Funding boost supports commitment to school safety

Cyber security is just one of many areas that could see a boost thanks to the recent increase in funding for nonpublic school security.

FROM THE MONITOR
By Mary Morrell | Contributing Editor

In light of Gov. Phil Murphy’s signing of bill A4597/S3080 Jan. 8, doubling nonpublic school security money, Catholic schools in the Diocese of Trenton are looking to the future as they continue to build safe communities with additional or enhanced school security measures.

Under the bill, religious and private schools in the state will see security funding increase from $75 to $150 per student, for an additional $11.3 million in funding.

“Schools in the Diocese of Trenton have, over the years, used the school security money wisely to fund projects and programs designed to secure our school buildings and our protocols for keeping our students secure,” said Judy Nicastro, diocesan associate director of school services and vice chair of the N.J. Department of Education Nonpublic Advisory Committee.

Nicastro was among those who were present for the signing, along with Frances Koukotas, director of the New Jersey Network of Catholic Families in the Diocese of Trenton, which has long advocated for increased funding for nonpublic schools.

“This additional money will allow that commitment to continue, while increasing the scope of what can be made available to insure the safety of our children,” Nicastro added.

Kimberly Sandomierski, dean of students in Donovan Catholic School, Toms River, underscored that the commitment to safety by schools in the Diocese is made a practical reality through security funding.

In years past, said Sandomierski, “both Donovan Catholic and St. Joseph Grade School, Toms River, have used the nonpublic security money to install and upgrade security cameras, strobe lights and sirens for lock downs, security film for all windows and doors, campus fencing and gates. Donovan Catholic has installed a security check-in area that is equipped with an ID printer that creates a ‘personal visitor pass’ with the individual’s picture printed on it.”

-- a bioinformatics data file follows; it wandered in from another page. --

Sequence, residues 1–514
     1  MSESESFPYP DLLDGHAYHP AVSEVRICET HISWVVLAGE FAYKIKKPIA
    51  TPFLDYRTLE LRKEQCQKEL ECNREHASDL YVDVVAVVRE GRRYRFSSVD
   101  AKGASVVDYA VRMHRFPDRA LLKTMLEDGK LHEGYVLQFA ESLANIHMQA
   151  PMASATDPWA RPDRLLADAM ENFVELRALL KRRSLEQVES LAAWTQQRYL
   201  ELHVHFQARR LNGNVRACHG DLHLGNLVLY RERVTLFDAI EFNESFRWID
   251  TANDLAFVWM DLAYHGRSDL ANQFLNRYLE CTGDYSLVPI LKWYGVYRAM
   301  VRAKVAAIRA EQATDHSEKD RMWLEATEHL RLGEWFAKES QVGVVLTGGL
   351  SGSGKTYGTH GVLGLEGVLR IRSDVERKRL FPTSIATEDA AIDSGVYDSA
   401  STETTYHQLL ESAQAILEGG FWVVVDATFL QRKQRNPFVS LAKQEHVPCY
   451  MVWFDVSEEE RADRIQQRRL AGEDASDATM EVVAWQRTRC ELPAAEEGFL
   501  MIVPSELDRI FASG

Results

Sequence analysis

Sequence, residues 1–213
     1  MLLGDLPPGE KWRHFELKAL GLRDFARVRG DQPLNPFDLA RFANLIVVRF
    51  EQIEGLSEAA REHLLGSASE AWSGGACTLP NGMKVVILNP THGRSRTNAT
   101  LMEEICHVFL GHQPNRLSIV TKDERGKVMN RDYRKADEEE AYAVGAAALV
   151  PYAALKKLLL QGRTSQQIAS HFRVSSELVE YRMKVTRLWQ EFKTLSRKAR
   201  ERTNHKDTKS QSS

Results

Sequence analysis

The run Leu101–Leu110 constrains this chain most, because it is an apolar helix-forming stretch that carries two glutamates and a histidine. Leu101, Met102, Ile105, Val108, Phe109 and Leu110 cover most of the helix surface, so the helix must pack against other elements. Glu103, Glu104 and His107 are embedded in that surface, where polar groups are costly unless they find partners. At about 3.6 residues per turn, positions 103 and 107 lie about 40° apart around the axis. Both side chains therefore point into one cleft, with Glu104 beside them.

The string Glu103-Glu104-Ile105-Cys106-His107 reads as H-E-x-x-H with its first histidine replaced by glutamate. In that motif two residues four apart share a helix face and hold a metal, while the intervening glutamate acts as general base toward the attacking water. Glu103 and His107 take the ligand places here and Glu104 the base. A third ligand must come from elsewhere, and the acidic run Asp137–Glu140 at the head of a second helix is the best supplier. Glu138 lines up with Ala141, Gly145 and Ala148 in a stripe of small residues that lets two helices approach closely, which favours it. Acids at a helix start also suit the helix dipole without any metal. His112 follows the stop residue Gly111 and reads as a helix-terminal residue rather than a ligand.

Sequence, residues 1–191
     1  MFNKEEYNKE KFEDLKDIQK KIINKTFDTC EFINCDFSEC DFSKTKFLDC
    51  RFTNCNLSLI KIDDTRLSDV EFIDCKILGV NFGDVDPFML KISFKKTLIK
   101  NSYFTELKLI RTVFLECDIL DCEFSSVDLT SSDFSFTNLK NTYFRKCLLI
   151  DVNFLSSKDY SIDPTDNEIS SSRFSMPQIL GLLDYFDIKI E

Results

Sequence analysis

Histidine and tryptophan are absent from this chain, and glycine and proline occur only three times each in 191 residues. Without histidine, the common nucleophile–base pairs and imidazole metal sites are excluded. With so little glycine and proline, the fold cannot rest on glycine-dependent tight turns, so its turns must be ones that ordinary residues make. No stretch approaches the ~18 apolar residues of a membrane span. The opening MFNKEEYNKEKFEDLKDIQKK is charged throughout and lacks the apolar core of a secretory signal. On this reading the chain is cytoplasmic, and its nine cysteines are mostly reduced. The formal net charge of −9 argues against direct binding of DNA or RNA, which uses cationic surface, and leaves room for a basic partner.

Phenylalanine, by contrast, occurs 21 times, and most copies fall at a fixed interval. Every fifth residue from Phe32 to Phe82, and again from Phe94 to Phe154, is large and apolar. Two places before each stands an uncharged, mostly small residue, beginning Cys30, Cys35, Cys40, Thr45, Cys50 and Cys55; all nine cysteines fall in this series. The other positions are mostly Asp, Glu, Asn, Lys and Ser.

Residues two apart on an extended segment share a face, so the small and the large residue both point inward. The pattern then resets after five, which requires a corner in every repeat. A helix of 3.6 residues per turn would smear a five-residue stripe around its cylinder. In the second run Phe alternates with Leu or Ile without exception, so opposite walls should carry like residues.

Both schools also share the cost of a full-time Class 3 Toms River Police Department security officer, who is on campus daily when school is in session, Sandomierski noted.

With the increase in funding, she explained, Donovan Catholic plans to replace the public address system, which Sandomierski describes as “a huge expense,” while St. Joseph Grade School plans to upgrade several systems with the latest technology.

The items on the two Ocean County schools’ wish lists are similar to those planned by other schools in the Diocese – increased security services, upgraded equipment and technology that will advance existing safety measures.

Included among those items are equipment for hardening school perimeter and building entryways, screening surveillance and alarm systems, emergency communications and cyber security evaluation, training and upgrading.

Anthony DeLorenzo, director of the diocesan Department of Computer Services, stressed the importance of upgrading cyber security for schools, recalling a cyber threat in 2017 that involved a school in the Diocese. Steps were quickly taken to correct the risk and deepen protection.

In January 2018, in partnership with a cyber security firm, a program was offered on the diocesan, parish and school levels, which runs security on every device provided by the organization. Today, most parishes and schools have end-point protection, meaning mobile devices, laptops and desktop PCs are protected against network security threats, DeLorenzo explained.

“Given the nature of things today, the need for cyber security is not something that’s going away. Children, especially, are more vulnerable than anyone else,” said DeLorenzo, who noted the high incidence of identity theft using children’s information.

One aspect of cyber threats not always considered is the cost.

“The legal and financial implications of a cyber security breach can be devastating to any organization. A limited event can cost more than $75,000 to conduct a thorough forensic investigation and many hundreds of thousands of dollars to notify and protect everyone that may have had their personal information or identity compromised,” explained Joe Cahill, diocesan director of risk management.

“The reputational damage to the organization can be greater and longer lasting than the immediate financial loss associated with a cyber breach. The Diocese has provided the cyber security tools to help parishes and schools minimize the likelihood of a malicious cyber event and provides cyber event insurance coverage to all its entities and organizations to mitigate the potential for serious financial damage,” Cahill said.

Certainly, stressed Nicastro, “School security is at the core of education. In order for children to learn, they must feel safe. This legislation speaks to the commitment to keep all New Jersey school children safe, regardless of where they attend school.”

For more school news from The Monitor, visit TrentonMonitor.com

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